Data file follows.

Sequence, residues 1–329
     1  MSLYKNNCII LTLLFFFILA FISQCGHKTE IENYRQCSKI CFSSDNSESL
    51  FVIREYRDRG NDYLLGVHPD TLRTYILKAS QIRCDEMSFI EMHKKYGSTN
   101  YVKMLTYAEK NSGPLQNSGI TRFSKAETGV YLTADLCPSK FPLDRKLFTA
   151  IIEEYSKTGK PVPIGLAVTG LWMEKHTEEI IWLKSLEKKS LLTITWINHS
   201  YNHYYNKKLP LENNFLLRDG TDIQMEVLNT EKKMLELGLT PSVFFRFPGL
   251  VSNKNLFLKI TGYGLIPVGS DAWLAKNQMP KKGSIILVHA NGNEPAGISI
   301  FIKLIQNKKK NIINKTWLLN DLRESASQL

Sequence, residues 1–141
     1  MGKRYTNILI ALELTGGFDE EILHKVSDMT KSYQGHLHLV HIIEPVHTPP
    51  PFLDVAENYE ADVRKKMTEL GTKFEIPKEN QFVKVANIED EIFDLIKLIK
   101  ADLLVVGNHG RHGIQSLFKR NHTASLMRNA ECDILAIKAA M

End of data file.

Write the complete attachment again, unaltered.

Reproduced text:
Sequence, residues 1–329
     1  MSLYKNNCII LTLLFFFILA FISQCGHKTE IENYRQCSKI CFSSDNSESL
    51  FVIREYRDRG NDYLLGVHPD TLRTYILKAS QIRCDEMSFI EMHKKYGSTN
   101  YVKMLTYAEK NSGPLQNSGI TRFSKAETGV YLTADLCPSK FPLDRKLFTA
   151  IIEEYSKTGK PVPIGLAVTG LWMEKHTEEI IWLKSLEKKS LLTITWINHS
   201  YNHYYNKKLP LENNFLLRDG TDIQMEVLNT EKKMLELGLT PSVFFRFPGL
   251  VSNKNLFLKI TGYGLIPVGS DAWLAKNQMP KKGSIILVHA NGNEPAGISI
   301  FIKLIQNKKK NIINKTWLLN DLRESASQL

Sequence, residues 1–141
     1  MGKRYTNILI ALELTGGFDE EILHKVSDMT KSYQGHLHLV HIIEPVHTPP
    51  PFLDVAENYE ADVRKKMTEL GTKFEIPKEN QFVKVANIED EIFDLIKLIK
   101  ADLLVVGNHG RHGIQSLFKR NHTASLMRNA ECDILAIKAA M